SYDNEY (Reuters) – Tesla Inc has won an Australian contract to install the world’s biggest grid-scale battery, in what experts say will be a litmus test for the reliability of large-scale renewable energy.
Tesla’s CEO Elon Musk, known for his bold approach to cars, clean energy and space exploration, trumped dozens of competing proposals to build the gigantic lithium-ion battery that will serve as emergency back-up power for South Australia – a state racked by outages.
But under the agreement, Tesla must deliver the 100-MW battery within 100 days of the contract being signed or it will be free – a commitment Musk made in a Tweet in March.
“There will be a lot of people that will look at this -‘Did they get it done within 100 days? Did it work?'” Musk told reporters in South Australia’s capital city of Adelaide.
“We are going to make sure it does.”
The battery, designed to light up 30,000 homes if there is a blackout, will be built on a wind farm operated by France’s Neoen – parts of which are still under construction.
Musk said failing to deliver the project in time would cost his company “$50 million or more”, without elaborating.
It will be the largest lithium-ion battery storage project in the world, overtaking an 80 megawatt-hour facility in California, also built using Tesla batteries.
Over the last three years, South Australia has decided to shut down its coal-fired power stations and instead rely on wind, solar and gas. In particular it has raced ahead of the rest of the country in turning to wind power, which supplies 40 percent of its energy.
The move has been applauded by environmentalists but left the state prone to outages as there is no way to store enough energy when the wind doesn’t blow. In September, South Australia’s 1.7 million residents were left without power, some of them for up to two weeks, when the grid overloaded and collapsed.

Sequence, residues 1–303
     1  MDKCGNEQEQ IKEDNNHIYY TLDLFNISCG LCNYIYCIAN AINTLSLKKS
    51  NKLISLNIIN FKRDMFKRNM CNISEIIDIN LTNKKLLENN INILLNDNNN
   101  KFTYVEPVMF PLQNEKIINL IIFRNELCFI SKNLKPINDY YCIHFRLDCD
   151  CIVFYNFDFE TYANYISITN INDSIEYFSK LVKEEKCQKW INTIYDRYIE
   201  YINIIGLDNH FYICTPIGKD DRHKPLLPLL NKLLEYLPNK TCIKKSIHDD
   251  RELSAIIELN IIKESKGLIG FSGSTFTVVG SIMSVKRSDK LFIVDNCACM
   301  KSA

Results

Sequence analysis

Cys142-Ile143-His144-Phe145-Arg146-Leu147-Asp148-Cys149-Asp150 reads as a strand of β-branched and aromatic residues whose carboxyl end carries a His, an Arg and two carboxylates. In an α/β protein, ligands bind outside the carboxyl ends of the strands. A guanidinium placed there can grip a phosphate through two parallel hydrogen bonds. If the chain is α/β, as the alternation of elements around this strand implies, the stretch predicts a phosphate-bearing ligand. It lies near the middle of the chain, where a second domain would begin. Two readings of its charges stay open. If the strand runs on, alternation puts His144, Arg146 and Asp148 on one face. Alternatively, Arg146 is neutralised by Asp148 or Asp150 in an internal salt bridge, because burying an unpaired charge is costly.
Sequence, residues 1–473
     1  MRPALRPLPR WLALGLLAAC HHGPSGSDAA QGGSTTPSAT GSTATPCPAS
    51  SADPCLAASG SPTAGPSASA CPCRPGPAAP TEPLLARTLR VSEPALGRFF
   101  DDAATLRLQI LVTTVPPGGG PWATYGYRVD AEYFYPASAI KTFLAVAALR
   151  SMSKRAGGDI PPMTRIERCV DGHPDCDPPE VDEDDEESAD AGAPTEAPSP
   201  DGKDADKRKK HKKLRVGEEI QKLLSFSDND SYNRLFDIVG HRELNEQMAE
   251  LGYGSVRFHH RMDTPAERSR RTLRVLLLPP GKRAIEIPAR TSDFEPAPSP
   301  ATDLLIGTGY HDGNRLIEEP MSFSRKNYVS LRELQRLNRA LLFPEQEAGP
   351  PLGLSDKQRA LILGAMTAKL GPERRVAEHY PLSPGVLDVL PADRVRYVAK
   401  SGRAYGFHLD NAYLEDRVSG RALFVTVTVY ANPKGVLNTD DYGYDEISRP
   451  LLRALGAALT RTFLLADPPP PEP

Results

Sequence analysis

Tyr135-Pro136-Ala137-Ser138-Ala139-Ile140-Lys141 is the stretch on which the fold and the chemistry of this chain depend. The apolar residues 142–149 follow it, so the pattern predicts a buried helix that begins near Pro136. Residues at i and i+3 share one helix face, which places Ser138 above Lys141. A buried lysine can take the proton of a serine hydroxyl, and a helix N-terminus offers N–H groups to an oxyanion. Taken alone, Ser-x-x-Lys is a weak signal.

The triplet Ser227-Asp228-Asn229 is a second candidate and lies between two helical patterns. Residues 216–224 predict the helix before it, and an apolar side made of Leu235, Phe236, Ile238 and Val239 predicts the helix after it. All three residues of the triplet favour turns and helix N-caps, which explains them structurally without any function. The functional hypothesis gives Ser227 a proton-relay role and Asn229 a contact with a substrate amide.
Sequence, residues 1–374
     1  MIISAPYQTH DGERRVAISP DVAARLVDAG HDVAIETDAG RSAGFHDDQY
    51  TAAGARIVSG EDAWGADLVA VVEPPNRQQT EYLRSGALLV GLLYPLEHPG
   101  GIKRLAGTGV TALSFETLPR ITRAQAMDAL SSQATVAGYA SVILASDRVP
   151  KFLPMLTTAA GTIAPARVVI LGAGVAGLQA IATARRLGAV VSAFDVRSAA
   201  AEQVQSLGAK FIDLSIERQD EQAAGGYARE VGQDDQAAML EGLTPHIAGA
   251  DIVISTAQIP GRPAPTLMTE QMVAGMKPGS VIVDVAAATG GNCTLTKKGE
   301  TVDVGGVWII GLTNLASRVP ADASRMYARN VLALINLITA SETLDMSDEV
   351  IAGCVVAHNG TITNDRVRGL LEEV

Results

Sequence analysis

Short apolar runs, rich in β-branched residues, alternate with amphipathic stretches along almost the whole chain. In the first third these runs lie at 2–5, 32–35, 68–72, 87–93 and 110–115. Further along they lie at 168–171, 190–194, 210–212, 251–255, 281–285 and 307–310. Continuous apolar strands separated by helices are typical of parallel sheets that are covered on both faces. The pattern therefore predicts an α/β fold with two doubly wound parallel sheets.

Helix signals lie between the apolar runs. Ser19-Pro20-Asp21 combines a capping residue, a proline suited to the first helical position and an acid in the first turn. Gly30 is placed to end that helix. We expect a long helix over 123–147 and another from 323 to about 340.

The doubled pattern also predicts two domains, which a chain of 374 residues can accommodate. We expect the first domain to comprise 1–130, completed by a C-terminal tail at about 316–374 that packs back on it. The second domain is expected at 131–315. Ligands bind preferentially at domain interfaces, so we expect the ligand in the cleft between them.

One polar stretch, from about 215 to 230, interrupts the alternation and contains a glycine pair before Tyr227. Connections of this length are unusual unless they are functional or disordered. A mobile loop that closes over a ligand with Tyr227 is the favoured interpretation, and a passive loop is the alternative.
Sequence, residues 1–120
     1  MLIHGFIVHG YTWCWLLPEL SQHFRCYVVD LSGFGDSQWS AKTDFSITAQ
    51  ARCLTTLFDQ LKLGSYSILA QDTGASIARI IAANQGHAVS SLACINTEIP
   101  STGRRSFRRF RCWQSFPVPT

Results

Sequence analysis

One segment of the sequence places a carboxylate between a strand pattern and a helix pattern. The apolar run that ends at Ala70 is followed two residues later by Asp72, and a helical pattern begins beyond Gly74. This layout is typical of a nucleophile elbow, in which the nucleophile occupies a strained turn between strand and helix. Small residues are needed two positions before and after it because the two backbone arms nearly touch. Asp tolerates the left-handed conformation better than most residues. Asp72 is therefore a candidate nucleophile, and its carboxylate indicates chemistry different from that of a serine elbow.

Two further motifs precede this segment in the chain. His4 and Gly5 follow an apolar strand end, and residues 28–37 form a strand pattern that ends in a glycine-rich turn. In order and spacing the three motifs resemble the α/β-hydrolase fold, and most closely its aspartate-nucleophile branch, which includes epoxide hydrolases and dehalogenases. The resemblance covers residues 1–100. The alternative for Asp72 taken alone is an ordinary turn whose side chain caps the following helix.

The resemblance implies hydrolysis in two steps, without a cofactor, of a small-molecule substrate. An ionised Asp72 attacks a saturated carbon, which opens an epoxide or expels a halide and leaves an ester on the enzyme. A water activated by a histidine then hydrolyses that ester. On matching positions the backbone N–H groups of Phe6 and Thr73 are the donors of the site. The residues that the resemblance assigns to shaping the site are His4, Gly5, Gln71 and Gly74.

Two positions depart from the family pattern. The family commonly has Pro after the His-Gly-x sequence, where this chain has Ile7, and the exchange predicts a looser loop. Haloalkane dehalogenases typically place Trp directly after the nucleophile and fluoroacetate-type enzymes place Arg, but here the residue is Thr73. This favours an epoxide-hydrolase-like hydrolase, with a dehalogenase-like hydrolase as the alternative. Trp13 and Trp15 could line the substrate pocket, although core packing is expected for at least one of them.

The battery is aimed at getting around the problem of inadequate storage.
“Cost-effective storage of electrical energy is the only problem holding us back from getting all of our power from wind and solar,” said Ian Lowe a professor of science at Australia’s Griffith University.
“This project is a significant innovation to demonstrate the feasibility of large-scale storage.”
Dozens of companies from 10 countries, including privately owned Lyon Group, working with U.S. power company AES Corp, expressed interest in the project.
Now the sector is waiting to see if Musk can make good on his promise.
“Tesla has been telling the world that it can and will finish the project within three months, said a source at a Korean competitor to Tesla, declining to be identified due to the sensitivity of the matter.
“It seems that confidence helped Tesla win, but typically this kind of project takes six months so we have to wait and see whether or not Tesla can do it,” the source said.
Lithium-ion batteries have been in widespread use since about 1991, but mostly on a small scale, such as in laptops and cell phones. A typical lithium-ion battery can store 150 watt-hours of electricity in 1 kilogram of battery, representing more than double the capacity of nickel batteries.
For their proponents who have long been pushing for grander use, the success of Musk’s big South Australian experiment will be key to greater acceptance.
“For lithium technology to take off on a global scale, they clearly need the storage capacity to make sure renewables can deliver 24 hours a day, seven days a week,” said Adrian Griffin, a geologist who specialises in lithium extraction.
Reporting by Colin Packham and James Regan in SYDNEY. Additional reporting by Sonali Paul in MELBOURNE. Writing by Jonathan Barrett. Editing by Bill Tarrant and Edwina Gibbs